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Terrorism sparks our belief in good, evil

When I was a child, hell was a real, physical place. It was "deep down in the ground, a lake of burning fire with brimstone," as my mother used to say as she stared me in the eye. My friends and I heard hell spoken of in church constantly, we heard about it in the admonitions of our parents and grandparents and we read about it.

I had a color-illustrated children's Bible that had several drawings of hell _ its red and yellow fires, the anguished faces of burning sinners, a grinning Satan lording over his kingdom. That book often scared me so much that I would keep my bedroom light on all night. No way was I going to face the darkness alone and be consumed by hell.

I had not thought of hell for years, until a few days ago when I read a newspaper brief about a poll by the Oxnard, Calif.-based Barna Research Group, an independent marketing outfit that tracks behaviors, beliefs, trends and values. The national survey found that an overwhelming majority of Americans believe in life after death and that heaven and, of course, hell exist. The high numbers surprised me.

According to the poll, nearly two-thirds of Americans said they believe they are heaven-bound. A mere one-half of 1 percent believe they are going straight to hell. The poll found that 76 percent of Americans believe in heaven and 71 percent in hell. Interestingly, at least to me, these figures were the same 10 years ago.

The King James Dictionary-Concordance defines hell as "a place or way of punishment for those who turn against God; furnace of fire, outer dark." Theologian Robert Johnston, professor of theology and culture at Fuller Theological Seminary in Pasadena, Calif., said: "If you really believe in hell, you wouldn't want to go there. By definition, hell is the denial of goodness."

My schoolmates and I outgrew beliefs in heaven and hell as we became worldly, as we came to know Paradise Lost and Dante's Inferno that secularize the concept of hell the place, also called Sheol and Hades, that eased our fears of eternal punishment.

One of my best undergraduate term papers was on the "the vale of Hinnom," a valley near Jerusalem. There, the Canaanites are said to have worshiped Baal and the god Molech. They sacrificed their children in a fire that always burned. Two kings of Judah also practiced this murderous rite.

Later, after the prophet Jeremiah predicted that God would destroy Jerusalem, "the vale of Hinnom" would become known as the "Valley of Slaughter." During Jesus' lifetime, the valley was Jerusalem's garbage dump, where the city's raw waste, including the dead bodies of animals and executed criminals, was tossed. The site burned continuously, and the stench over Jerusalem was unbearble when the wind blew just right. Wild dogs howled and growled all night, every night, as they fought over the tons of putrefaction.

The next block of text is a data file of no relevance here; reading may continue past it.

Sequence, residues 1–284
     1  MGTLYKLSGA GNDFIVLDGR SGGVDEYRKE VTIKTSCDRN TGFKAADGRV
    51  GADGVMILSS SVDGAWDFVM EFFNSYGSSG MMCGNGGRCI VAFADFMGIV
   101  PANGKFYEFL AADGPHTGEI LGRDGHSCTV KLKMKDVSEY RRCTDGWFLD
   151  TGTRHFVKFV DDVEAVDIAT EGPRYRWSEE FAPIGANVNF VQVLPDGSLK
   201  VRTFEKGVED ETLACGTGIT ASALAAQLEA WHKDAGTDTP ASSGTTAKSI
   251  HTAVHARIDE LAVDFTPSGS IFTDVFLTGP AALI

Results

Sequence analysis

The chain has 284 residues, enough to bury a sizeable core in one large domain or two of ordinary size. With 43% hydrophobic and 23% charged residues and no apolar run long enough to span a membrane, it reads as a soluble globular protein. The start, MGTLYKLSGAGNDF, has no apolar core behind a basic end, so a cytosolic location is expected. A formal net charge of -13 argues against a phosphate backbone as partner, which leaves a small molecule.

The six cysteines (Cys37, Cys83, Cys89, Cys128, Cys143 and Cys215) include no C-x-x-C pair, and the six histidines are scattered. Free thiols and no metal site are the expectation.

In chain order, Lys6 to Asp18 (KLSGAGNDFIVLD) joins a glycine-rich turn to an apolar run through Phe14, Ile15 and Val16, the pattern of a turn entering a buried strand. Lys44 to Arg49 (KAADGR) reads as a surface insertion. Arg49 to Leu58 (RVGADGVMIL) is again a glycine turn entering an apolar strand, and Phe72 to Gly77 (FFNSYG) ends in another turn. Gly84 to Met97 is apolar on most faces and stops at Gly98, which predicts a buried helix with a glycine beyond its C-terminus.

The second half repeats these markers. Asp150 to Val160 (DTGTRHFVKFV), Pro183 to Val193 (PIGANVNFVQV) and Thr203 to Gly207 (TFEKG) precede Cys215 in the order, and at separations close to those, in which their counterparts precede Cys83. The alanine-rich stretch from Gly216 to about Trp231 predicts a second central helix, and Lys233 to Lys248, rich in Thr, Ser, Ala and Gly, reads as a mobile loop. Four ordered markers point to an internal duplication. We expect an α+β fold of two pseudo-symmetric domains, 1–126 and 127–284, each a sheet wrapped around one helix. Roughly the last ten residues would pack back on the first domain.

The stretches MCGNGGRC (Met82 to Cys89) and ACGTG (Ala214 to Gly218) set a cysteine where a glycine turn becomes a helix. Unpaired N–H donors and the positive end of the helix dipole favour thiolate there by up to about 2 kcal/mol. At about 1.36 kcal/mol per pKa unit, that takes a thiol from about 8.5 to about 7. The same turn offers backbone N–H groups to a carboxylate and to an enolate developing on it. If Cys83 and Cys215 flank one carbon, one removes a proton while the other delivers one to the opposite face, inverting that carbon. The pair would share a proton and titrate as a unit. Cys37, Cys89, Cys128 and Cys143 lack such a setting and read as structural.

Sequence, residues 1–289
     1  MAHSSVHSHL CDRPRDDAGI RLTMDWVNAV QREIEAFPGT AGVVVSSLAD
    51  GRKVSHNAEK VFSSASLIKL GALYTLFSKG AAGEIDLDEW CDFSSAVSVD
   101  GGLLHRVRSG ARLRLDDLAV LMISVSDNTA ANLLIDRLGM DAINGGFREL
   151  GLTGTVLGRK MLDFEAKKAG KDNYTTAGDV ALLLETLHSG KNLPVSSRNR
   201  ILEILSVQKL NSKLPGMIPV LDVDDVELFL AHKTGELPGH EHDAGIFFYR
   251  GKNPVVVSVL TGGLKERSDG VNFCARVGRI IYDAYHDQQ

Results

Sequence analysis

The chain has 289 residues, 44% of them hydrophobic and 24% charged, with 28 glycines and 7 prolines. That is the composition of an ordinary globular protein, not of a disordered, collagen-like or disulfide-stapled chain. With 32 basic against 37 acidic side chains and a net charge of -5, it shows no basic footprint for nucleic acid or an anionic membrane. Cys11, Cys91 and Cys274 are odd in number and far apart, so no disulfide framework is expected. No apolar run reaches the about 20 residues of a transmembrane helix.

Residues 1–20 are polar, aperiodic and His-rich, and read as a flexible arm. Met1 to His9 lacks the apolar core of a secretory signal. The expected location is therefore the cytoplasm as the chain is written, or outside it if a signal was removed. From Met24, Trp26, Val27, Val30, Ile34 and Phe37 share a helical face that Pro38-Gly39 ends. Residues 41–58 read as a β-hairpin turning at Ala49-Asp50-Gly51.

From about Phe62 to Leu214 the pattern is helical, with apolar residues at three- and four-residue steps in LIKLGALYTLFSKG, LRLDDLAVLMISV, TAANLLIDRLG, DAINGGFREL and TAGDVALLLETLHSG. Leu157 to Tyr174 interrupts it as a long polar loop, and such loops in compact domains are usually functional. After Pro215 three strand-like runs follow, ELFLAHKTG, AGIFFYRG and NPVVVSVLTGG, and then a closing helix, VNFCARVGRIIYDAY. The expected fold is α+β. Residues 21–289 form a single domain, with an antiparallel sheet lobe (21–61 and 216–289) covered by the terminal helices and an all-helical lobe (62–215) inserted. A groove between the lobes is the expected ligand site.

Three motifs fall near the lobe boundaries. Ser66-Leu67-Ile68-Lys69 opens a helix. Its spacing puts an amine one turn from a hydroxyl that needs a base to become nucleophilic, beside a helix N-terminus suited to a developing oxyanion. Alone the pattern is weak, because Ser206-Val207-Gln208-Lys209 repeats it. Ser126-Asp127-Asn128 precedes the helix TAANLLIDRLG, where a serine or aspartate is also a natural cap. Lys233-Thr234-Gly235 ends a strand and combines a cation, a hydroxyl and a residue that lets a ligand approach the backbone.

In his teachings, Christ used the "Valley of Slaughter" as the symbol of hell itself. Though he referred to it as "Gehenna," no one missed his meaning.

Although Sodom and Gomorrah were not considered hell per se, these places of fornication _ believed to be at the bottom of the Dead Sea _ experienced God's wrath. The imagery of destruction is that of hell: (Genesis 19:24-25) "Then the Lord rained on Sodom and Gomorrah brimstone and fire from the Lord out of heaven, and he overthrew those cities, and all the valley, and all the inhabitants of the cities, and what grew on the ground."

So, Americans are again thinking of hell. And why not? The fall of the World Trade Center, the attacks on the Pentagon and other acts of terrorism have put Americans in the mood for tales of the Antichrist and suggestions of hell on earth.

The rhetoric of terrorist groups sometimes alludes to hell and the total destruction of Americans and the American way of life. Images on television and on the front pages of newspapers show smoke and fire and death, and terrorist leaders are portrayed as Satan's proteges hell-bent on destroying civilized life and even heaven itself.

Theologians will set me straight if I am wrong, but I am convinced that beliefs in "good" and "evil" have returned in a major way and will be around for a long time. With good and evil come heaven and hell. With heaven and hell come "us" and "them" _ the infidels, the Antichrist.

I predict that when the Barna Research Group revisits its heaven-and-hell survey in 10 years, the so-called war on terrorism will be just as deadly, and more Americans than ever before will believe in heaven and hell.

Yes, we Americans tend to be optimists, but, for the time being, hell has come to us.